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Methacton's Christian Matos on the verge of a breakout

06/05/2024, 2:15pm EDT
By Joseph Santoliquito

By Joseph Santoliquito (@JSantoliquito)

PHILADELPHIA, PA — This was not the way Christian Matos wanted to start his high school basketball career, seated on a padded table in a doctor’s office looking up at an X-ray. At first, it was not distinct, until the doctor pointed to the faint straight line going through one of his bones on the illuminated black screen.

Matos was told he had a broken left tibia, a large difference from what he originally thought was a mere sprained ankle in his very first high school practice. The 6-foot-2 Methacton sophomore guard found himself in a cast, followed by a walking boot from October 2022 to March 2023— wiping out his freshman season.

Christian Matos (above) emerged as one of the best guards in District 1 this season. (Photo: Josh Verlin/CoBL)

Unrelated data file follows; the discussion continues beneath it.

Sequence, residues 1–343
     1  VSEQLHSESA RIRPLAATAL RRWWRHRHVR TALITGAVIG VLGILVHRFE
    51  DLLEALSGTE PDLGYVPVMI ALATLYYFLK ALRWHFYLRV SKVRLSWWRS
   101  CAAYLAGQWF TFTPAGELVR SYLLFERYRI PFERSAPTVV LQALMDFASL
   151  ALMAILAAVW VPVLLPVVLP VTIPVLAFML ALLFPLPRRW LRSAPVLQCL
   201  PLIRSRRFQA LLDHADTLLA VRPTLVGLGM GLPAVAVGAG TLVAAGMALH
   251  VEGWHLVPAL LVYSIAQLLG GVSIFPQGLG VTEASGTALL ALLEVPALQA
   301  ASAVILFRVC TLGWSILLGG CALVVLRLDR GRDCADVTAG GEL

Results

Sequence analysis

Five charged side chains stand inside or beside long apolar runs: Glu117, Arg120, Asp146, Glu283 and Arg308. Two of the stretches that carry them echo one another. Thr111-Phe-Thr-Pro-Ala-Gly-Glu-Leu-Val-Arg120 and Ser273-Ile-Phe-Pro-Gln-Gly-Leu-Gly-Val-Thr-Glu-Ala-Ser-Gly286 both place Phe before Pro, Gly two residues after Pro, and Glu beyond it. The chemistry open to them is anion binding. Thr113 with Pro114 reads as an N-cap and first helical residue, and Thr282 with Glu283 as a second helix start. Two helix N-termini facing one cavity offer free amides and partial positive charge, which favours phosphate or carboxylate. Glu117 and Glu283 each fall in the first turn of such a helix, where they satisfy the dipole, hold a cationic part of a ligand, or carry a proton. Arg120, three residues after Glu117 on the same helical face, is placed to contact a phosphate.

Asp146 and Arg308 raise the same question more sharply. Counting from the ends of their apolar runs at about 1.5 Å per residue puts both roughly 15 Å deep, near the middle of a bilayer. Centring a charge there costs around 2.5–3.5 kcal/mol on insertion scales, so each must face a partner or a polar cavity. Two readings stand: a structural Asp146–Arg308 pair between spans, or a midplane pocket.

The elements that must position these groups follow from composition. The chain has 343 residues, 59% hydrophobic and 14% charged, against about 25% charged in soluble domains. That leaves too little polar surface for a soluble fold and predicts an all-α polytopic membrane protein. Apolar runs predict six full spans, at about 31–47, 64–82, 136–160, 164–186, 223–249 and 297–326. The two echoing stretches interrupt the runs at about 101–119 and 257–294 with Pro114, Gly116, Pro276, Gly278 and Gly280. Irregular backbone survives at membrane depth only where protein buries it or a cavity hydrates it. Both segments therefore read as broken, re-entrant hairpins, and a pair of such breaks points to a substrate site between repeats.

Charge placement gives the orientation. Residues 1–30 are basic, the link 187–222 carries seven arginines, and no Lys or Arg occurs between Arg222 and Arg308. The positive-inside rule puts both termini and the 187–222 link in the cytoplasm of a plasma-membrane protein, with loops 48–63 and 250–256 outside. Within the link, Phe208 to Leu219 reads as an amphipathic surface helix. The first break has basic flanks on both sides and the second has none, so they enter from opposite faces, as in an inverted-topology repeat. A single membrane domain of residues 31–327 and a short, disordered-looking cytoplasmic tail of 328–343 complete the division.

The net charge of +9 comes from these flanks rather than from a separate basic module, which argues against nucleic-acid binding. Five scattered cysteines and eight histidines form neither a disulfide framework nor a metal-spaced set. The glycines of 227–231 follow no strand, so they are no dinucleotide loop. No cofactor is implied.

Matos has done a very good job of making up for the lost time, exploding in some special performances by dropping 25 points against Central Bucks East in the PIAA District 1 Class 6A playoffs, to popping 28, including four three-pointers, against Miami-bound star Jalil Bethea and Archbishop Wood in the first round of the PIAA state playoffs.

Matos carries the proverbial chip on his shoulders. He plays like a runner trying to come from behind.

That attitude stems from the first day of practice at Methacton. He recalls driving left for a layup, when he landed sideways on his left ankle, putting undue strain on his lower left leg. He limped off the court not thinking much of it—until the next morning, when his left leg was disfigured and swollen.

A visit to the doctors the next day revealed the worst—a broken left tibia. Until then, Matos had never suffered a broken bone in his life.

“I wasn’t depressed about the injury, I was angry, I had that time taken away from me,” Matos said. “I didn’t trust my left leg until last July, in AAU for East Coast Power U16, when we were playing Team Final. Throughout the whole time, I was not running as strong as I could have, because I was favoring my left leg. It stays in the back of your mind that you could get hurt again. You can say that psychologically, I had to get over that hump.”